Event Summary: The American Dream and Ending Welfare

September 22, 2004

A Brookings panel of experts today discussed New York Times reporter Jason DeParle’s new book, American Dream: Three Women, Ten Kids, and A Nation’s Drive to End Welfare, which looks at the human impact of the 1996 welfare reform law.

In his book, DeParle follows three poor mothers living in Milwaukee and provides an intimate and detailed portrait of their lives, their children, and their romantic partners as they encounter the effects of welfare reform. DeParle’s case study provided the panelists with an opportunity to address some of the successes and shortcomings of the 1996 law.

Jodie Allen, managing editor for finance and science at U.S. News & World Report, called the bill “a huge ocean liner” and added that, eight years out, “you can find grounds for both optimism and pessimism.”

“It hasn’t worked as well as the advocates said it has,” said Rep. Charles Stenholm (D-Tex.), “nor as bad as the pessimists said it would.”

Stenholm’s colleague, Rep. E. Clay Shaw, Jr. (R-Fla.) called the pre-1996 welfare system deeply flawed for encouraging illegitimate children and unemployment. He said the 1996 law was “one of the proudest accomplishments of Congress in decades.”

Most speakers on the panel agreed that the bill was a significant—if incomplete—step forward. Stenholm, however, didn’t think that Congress would continue to advance similarly successful pieces of legislation. He said that the bipartisan atmosphere that made the 1996 bill possible was “totally missing from the current Congress.”

New York University Professor Lawrence Mead said the 1996 law was made possible by a change in the nature of the debate. “What mattered was a change in the message,” Mead said, adding that a message of “work and reliance” was necessary to achieve bipartisan support.

Democratic Leadership Council President Bruce Reed agreed, saying that the law’s success stemmed from “getting the values right.”

Author Debra Dickerson, however, didn’t share the panel’s enthusiasm for the 1996 law. “It is just about impossible to live on what welfare pays you,” Dickerson said. The program’s financial shortcomings, according to Dickerson, were especially frustrating in light of the fact that “we have all the money we need for the criminal justice system and the war on Iraq, but none for health care and day care…Where’s the outrage?”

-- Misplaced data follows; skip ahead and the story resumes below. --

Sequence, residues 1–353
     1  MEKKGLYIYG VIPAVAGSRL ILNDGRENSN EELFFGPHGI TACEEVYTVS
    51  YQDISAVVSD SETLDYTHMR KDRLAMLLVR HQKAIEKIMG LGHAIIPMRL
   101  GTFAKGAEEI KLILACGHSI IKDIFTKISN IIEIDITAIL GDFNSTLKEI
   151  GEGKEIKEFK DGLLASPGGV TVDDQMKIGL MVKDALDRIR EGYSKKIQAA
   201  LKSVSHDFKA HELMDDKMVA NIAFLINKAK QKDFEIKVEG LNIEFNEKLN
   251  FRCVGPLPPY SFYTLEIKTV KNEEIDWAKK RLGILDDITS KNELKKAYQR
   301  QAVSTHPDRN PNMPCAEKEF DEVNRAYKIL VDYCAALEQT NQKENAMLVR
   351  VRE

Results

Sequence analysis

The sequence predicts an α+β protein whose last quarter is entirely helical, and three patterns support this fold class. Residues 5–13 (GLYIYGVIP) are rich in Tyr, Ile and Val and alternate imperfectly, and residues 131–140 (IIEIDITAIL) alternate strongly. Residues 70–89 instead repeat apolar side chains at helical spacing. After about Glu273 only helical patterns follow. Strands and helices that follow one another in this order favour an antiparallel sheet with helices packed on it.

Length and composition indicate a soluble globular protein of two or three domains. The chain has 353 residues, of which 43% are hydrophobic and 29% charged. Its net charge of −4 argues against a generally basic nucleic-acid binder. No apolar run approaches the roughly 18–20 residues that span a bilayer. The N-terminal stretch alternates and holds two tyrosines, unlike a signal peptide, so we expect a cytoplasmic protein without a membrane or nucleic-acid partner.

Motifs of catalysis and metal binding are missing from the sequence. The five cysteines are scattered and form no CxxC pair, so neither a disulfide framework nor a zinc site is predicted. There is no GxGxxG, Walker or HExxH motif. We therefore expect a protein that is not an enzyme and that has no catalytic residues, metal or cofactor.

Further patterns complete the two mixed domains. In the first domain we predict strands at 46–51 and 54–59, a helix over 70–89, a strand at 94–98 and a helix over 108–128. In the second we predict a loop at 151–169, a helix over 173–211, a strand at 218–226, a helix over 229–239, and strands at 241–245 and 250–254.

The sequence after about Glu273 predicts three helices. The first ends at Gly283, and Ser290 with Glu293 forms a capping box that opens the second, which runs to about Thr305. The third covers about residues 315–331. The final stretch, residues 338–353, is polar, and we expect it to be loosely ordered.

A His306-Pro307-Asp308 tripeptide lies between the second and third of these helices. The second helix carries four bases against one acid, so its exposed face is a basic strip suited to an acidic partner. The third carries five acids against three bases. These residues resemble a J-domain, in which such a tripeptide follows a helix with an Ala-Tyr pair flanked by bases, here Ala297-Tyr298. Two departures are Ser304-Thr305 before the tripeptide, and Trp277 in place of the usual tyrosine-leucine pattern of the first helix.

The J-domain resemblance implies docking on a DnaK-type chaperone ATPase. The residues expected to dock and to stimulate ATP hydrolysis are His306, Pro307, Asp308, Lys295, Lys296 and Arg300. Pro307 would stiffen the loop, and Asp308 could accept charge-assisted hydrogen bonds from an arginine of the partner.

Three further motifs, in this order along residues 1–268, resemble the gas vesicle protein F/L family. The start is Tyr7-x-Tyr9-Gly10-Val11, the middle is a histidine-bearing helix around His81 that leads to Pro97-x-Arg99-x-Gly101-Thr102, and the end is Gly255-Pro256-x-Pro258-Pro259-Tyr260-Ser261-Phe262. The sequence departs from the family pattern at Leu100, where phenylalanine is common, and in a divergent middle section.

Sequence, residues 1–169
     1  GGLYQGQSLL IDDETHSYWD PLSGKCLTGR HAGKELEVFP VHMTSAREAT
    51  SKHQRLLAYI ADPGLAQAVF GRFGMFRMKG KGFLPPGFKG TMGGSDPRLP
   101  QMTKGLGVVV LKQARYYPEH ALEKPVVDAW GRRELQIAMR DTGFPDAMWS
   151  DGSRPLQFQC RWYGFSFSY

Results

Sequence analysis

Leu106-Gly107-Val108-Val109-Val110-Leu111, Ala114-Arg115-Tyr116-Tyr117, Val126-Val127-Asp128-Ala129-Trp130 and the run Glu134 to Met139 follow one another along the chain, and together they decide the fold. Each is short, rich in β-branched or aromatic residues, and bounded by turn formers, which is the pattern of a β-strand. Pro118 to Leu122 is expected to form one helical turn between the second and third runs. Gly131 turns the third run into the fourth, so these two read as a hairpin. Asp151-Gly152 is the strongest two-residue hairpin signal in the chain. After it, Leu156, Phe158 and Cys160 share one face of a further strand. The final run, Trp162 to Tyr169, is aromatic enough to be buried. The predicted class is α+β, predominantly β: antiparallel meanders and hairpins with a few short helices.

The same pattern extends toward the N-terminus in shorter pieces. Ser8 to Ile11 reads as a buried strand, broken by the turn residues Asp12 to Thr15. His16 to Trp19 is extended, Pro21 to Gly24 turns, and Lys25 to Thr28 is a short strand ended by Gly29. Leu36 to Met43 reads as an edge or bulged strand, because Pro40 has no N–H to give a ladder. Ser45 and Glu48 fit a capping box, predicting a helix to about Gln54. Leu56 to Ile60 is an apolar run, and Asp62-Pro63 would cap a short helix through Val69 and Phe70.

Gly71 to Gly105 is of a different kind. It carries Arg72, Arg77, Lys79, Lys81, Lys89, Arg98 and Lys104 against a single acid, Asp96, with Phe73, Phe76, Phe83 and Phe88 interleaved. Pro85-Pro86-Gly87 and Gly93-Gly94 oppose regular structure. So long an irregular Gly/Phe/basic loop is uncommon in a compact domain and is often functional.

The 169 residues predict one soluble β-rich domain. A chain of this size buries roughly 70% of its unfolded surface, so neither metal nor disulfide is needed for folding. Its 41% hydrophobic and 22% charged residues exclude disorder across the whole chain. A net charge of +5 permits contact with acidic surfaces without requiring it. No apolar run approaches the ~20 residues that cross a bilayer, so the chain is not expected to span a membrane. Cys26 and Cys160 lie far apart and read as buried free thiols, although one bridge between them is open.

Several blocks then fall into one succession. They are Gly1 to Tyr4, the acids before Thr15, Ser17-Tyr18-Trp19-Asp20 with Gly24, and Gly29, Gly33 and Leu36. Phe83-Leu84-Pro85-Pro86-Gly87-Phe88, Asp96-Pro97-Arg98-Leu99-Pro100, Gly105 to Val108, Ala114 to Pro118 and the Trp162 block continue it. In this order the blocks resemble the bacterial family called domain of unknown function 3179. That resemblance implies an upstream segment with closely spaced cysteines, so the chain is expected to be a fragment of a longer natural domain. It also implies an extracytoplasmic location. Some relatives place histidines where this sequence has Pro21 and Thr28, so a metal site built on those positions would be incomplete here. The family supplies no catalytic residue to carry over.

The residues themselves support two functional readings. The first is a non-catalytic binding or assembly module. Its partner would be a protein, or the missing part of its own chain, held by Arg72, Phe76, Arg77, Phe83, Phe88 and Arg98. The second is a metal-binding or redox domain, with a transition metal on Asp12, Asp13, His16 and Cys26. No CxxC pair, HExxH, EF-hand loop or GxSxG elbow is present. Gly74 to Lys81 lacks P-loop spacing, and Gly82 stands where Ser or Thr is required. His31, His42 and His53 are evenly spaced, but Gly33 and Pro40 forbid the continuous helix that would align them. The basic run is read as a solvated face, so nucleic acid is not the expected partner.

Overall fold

Leon Dash, a professor at the University of Illinois at Urbana-Champaign, said that the bill only addressed half of the problem facing the United States with regards to low-income citizens.. “While the welfare law has reduced the welfare rolls, the way to best help the poor remains an American dilemma.

Despite some of the improvements brought about by the 1996 bill, the panelists agreed that more work needed to be done, especially in the area of fatherhood.

“Moms can only go so far as role models if fathers don’t show up to be models as well,” Reed said. Reed, who served as President Clinton’s domestic policy advisor and helped write the 1996 law, added, “It breaks my heart that we’re not pulling out all the policy and cultural stops on fatherhood as we did on welfare…Single women don’t get to quit and neither should we.”

DeParle recalled a Wisconsin student who aspired to be a lawyer, simply to help get her father out of jail. In another incident recounted by DeParle, a grade-school student wrote a school essay about an abandoned mouse crying in the woods, only to later realize that it was really a symbol for his father that she was writing about.

Slate Contributing Writer Mickey Kaus said that some progress has been made on encouraging marriage, citing marriage rates that have risen from 20 percent to 23 percent. “That’s not chopped liver,” Kaus said. “It may not sound like much, but it’s a trend that hasn’t changed in the right direction in decades, and now it’s in changing in the right direction.”

Much of the current debate on welfare reauthorization has centered around whether to place greater emphasis on federal work requirements or marriage. DeParle urged Shaw to use his political capital to promote fatherhood, arguing that federal work requirements can be easily faked. He mentioned one woman in Wisconsin who was coded in the system as having met welfare work requirements, despite being pregnant in a crack house.

Panelists had other recommendations to help low-income people and get them off the welfare rolls. Stenholm said that the earned income tax credit was a good way to support workers without hurting small businesses. Stenholm also pushed education as a solution, hoping that citizens would “understand that if you don’t [get an education] you’ll be in an enormous economic pressure pot for the rest of your life.”

Stenholm said that U.S. immigration policy needed to be tweaked and Kaus said it was important to ensure that Americans were getting a first crack at jobs. Kaus added that legalizing drugs would help “eliminate the idea in the ghetto that selling drugs is what black men do.”

Dickerson, however, remained pessimistic about future progress. “I don’t see Americans caring that much about the people at the bottom,” she said. “Change is going to have to come from the bottom up.”